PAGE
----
We Found Two Flares Lit On A Backcountry Road, And Shouldn’t Have Stopped

Flickr / Morgan
Flickr / Morgan

My girlfriend Sarah and I were driving to this cabin we rented upstate, something like three and half hours north of the city. We got off the Thruway, then we were on this winding mountain highway for a while, and then the last leg of the trip was on one of those two-lane country roads, which we were supposed to stay on for maybe half an hour or so.

It was close to eleven-thirty, and I don’t know if you’ve ever driven up in the country at night, but especially on these back roads, these numbered-routes that don’t even have names, it’s a pretty weird experience if you’re not used to it. We hadn’t passed a single car in what felt like forever, and so it was just us and the increasingly curvy road unfolding ahead. Even with the brights on, it’s not like you could really see anything. Past the windshield, it was like an outward radius of light, giving us a glimpse of the woods on either side of the road.

“Babe … look!” I kept messing around with her, turning off the headlights for barely a second or two before flipping them back on.

“That’s not funny,” she tried not to sound too upset, knowing that if she showed how freaked out she was, she’d only encourage me.

I could tell she was a little freaked out though, because I got kind of freaked out too. The lights would never be off for more than a second, and I made sure the road was fairly straight ahead before I played my trick, but even just for that moment, with my foot still on the gas, I’m telling you, it was pitch blackness, one of those weird sensory depravation experiences that, coupled with the acceleration of the car, it was like my brain didn’t know how to make sense of what was going on.

“Babe …” and yet, I don’t know why, maybe I was bored, maybe I was trying to show off, “Look!” I kept doing it, lights off, lights back on, a couple more times. Still, she’d barely react, just telling me to knock it off, and I’d laugh and laugh, more and more carried away, amused at my own sense of humor.

After the third time, I knew that I was just being a dick, like I was just looking to get some sort of reaction out of her, anything. On the fourth try, I could tell that she was ready to let me have it. The lights went out, she sucked in her breath as if to scream at me to cut it out, but instead of yelling, she calmly told me, “Hey … look.”

I saw it too. Up ahead, two road flares. With the lights out, the two red flames in the distance were the only specks of visibility across the black expanse ahead of us.

I hit the brakes so the car came to a roll. I turned toward Sarah, her face was just barely illuminated by the soft green light of the dashboard. She was staring straight ahead at the slowly approaching red lights on our left side.

“What do you think’s going on here?” I said.

“I have no idea, hey, turn your lights on,” she told me.

I flipped the knob at the tip of the blinker switch and the black ahead of us opened up into that familiar white spotlight of two-lane highway flanked by the woods on either side. The road flares lost most of their shine in the face of my headlights, but as the car drifted past, once the two flares were just a little behind us, I put my foot all the way on the brakes so the car came to a stop.

“What are you doing?” she asked.

“Well, someone lit those flares, right?”

“Stop it,” she said.

“What?” I said. I was smiling, not because I was trying to be a jerk about it, even though I knew this whole situation had her spooked just a little. I mean, like I said, I was a little spooked too. Late night, backcountry road, two road flares, it could have been creepy. But there was something inside of me, maybe I was trying to act tough in front of her, impress her, I don’t know, I didn’t plan on actually doing anything, but part of me wanted to figure this out, or at least look around a little bit.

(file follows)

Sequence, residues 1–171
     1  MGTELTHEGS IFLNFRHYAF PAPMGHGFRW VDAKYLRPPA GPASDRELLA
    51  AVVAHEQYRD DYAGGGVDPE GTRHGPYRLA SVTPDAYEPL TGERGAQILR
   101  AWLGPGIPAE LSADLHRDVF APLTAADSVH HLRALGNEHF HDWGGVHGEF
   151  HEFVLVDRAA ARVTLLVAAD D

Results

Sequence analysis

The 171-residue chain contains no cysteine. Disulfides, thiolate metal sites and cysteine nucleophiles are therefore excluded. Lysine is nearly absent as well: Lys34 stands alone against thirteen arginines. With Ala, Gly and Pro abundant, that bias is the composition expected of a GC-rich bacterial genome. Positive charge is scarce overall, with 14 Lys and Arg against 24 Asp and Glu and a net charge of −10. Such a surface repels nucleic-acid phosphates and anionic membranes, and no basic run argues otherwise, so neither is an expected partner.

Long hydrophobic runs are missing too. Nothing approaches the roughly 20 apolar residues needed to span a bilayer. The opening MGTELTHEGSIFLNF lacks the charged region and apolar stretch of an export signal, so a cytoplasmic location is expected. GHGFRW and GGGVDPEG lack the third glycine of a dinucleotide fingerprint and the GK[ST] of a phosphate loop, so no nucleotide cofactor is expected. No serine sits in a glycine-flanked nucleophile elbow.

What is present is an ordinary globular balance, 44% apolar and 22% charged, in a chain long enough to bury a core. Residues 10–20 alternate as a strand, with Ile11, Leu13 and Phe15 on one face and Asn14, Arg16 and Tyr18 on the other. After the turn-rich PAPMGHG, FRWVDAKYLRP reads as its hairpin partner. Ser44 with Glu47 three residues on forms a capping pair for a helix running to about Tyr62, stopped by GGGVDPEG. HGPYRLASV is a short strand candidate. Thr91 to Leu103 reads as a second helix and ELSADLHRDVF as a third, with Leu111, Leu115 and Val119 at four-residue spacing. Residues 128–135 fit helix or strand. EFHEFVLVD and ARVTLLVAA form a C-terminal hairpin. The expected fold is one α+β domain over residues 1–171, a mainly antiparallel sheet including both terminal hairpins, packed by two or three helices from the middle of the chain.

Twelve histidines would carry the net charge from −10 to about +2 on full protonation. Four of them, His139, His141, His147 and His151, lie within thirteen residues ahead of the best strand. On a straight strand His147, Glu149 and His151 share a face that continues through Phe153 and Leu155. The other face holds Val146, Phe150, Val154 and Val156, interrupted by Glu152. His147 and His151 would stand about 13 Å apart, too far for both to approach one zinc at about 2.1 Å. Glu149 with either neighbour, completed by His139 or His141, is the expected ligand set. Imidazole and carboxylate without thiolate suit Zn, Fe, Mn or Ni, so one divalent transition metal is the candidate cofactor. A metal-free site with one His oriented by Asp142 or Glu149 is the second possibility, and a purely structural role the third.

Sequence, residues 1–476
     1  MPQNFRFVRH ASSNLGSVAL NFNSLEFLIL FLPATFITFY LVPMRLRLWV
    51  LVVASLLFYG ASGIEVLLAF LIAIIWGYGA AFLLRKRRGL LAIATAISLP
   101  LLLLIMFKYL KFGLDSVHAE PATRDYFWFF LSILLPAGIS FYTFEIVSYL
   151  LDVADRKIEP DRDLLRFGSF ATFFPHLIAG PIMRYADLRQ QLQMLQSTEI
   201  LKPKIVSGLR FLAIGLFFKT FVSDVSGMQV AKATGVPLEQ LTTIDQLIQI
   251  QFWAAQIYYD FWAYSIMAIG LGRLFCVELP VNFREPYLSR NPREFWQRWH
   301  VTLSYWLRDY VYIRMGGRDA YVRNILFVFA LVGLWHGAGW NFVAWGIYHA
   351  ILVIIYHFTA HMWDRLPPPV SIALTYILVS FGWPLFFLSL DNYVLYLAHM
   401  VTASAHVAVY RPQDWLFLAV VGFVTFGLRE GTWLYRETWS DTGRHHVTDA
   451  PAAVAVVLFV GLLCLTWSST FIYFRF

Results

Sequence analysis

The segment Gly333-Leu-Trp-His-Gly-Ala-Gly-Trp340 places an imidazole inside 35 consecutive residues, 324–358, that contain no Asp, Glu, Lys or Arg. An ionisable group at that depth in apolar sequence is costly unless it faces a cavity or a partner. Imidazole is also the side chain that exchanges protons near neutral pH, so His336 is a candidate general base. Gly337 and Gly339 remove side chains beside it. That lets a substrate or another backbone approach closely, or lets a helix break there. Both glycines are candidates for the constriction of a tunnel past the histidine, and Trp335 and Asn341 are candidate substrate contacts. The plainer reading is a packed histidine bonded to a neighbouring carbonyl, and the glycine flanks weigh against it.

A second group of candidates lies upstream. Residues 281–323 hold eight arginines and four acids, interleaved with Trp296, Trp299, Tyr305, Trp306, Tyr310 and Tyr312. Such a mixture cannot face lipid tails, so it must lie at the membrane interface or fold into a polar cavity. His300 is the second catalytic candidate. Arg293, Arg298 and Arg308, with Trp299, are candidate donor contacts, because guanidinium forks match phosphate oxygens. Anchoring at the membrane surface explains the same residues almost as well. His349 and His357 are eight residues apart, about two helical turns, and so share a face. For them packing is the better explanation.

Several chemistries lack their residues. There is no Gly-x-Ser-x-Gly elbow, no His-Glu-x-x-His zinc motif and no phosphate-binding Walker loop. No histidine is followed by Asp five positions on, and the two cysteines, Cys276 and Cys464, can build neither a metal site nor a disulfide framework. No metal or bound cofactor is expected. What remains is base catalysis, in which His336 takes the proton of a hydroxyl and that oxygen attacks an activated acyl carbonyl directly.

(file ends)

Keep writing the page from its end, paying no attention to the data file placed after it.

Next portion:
I said, “Well, someone must have set those flares up. And they’re still going, so it couldn’t have been that long ago.”

“Can we please just drive?” she said.

“I’m just saying, if you were out here all alone, wouldn’t you want someone else to stop and help?”

“Yeah, OK,” she said sarcastically. “If I needed help on a road, I’d call someone, I wouldn’t get out and light a bunch of road flares. Do you have road flares in your car? Because I don’t.”

“That’s true,” I said, “I don’t have road flares either. But I think you’re supposed to have them. It’s not like a law or anything, but you ever take one of those driver safety courses? I think they’ll tell you it’s a good idea.” Without realizing what I was doing, I started to smile again.

“God, you’re such a jerk,” she said to me, and I said, “OK, I’m sorry, I was just playing around, let’s go.”

But then right as I reached my hand to shift the car back to drive, something hit and bounced off the driver’s side window.

“What was that?” Sarah asked.

“I don’t know,” I told her, “it sounded like it came from the woods, like someone threw something at us.”

“Something like what?”

“I don’t know, it wasn’t a rock, a stick maybe, something not that hard.”

Just then we heard a long sound coming from the woods. It was a wailing, a moaning, something, and we couldn’t really make it out. I put a finger in the air and said, “Shh,” before cutting the engine.

“What the hell?” she said to me in a loud whisper, and I shhed her one more time. “Quiet,” I said.

There were maybe ten or fifteen seconds of silence, and then there it was, the same noise from before. I lowered the window a crack and I could hear it, it was a person, someone in the woods.

“You hear that?” I whispered.

“Yeah, I hear it. Let’s get out of here.”

“No,” I said, “it sounds like whoever’s out there is crying for help. Like heeelp, right?”

“I don’t know, maybe. Maybe we should just call the cops.”

“Yeah OK, but the flares, the crying, maybe someone needs help right now.”

“Come on,” she said, “can we please just …”

And with that I opened up the driver’s side door and stepped out into the night. I looked down to see what had hit our car, it was a stick, maybe a foot long and an inch thick. I picked it up and walked toward the road flares and then I heard Sarah open and close the passenger side door.

“Get back in the car,” I said to her as low as I could.
 “Are you fucking kidding me? You’re not leaving me here alone, this is fucking crazy.”

She ran and caught up next to me. We were standing in between the two flares. They were spaced about a car’s length apart, and even though it was impossible to make anything out in this dark, it looked like the trees were a little thinned out, like this might have been a path or a trail or something.